Suspected Tamil Tiger rebels hurled grenades at a mosque packed with worshippers in eastern Sri Lanka early Friday, killing at least four and injuring 10 others, police said.
It was not immediately known whether the attack was linked to Thursday's presidential election, which the rebels boycotted. Sri Lanka's Muslim population, which is at odds with the rebels, voted in the election.
"Two grenades were thrown at the mosque that killed four people and wounded 10 others," said Deputy Inspector General of Police Nimal Lewke.
The Defense Ministry also confirmed the attack in Akkaraipattu in eastern Batticaloa district. There were at least 60 worshippers in the mosque, it said.
Sri Lanka's Muslims generally do not trust the rebels, who are mostly Hindus. During two decades of civil war, the rebels carried out systematic killings of Muslims, including a massacre in August 1990 of 130 Muslims at two mosques on the same day, as they tried to assert control over eastern Sri Lanka.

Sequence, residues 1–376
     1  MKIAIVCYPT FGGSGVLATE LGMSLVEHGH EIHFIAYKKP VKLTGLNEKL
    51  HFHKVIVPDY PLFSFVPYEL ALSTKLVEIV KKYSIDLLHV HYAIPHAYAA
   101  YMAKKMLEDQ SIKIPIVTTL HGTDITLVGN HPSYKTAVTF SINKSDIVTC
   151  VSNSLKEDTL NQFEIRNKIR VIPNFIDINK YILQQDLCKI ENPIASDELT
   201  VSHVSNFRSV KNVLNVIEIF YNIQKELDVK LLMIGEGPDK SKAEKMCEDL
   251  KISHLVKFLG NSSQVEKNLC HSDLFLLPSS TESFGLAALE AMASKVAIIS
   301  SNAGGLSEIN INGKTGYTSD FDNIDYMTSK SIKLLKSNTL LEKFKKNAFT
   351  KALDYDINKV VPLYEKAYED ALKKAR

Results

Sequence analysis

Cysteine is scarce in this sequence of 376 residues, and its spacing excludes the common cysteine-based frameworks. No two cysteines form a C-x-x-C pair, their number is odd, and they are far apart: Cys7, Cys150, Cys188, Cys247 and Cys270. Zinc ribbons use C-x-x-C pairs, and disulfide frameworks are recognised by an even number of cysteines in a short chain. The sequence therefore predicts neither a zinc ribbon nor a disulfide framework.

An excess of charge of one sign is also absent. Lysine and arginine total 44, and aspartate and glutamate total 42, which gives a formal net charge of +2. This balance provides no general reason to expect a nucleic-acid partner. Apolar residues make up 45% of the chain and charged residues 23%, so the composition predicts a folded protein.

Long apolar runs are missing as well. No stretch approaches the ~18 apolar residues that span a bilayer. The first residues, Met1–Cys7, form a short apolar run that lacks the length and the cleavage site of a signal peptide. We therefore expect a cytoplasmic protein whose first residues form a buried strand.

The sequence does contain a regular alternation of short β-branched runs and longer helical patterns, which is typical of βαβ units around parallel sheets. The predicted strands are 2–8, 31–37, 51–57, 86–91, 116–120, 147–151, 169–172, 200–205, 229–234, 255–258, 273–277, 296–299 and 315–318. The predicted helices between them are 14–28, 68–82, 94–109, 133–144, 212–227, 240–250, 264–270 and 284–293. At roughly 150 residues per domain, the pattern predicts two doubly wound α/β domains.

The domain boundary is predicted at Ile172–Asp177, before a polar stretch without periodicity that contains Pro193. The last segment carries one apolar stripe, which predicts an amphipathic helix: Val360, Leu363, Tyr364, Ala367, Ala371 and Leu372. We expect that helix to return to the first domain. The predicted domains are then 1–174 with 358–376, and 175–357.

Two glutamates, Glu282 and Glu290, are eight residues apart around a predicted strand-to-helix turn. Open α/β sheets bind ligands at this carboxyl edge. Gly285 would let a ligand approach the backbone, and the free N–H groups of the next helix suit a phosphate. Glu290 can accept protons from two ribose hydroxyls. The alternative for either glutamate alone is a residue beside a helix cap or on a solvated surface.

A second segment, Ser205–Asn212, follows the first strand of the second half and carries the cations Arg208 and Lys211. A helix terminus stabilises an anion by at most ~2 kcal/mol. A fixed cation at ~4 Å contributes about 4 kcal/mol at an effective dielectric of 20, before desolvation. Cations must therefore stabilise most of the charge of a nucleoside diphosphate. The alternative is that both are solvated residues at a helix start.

The rebels started fighting in 1983 for a separate Tamil homeland in the northeast. The war stopped after a 2002 cease-fire. The uneasy truce is holding, but peace talks have stalled, reported AP. P.T.
US President Joe Biden and Iraqi Prime Minister Mustafa Al Qadimi signed an agreement on July 26 to formally end the USA's military presence in the country by the end of the year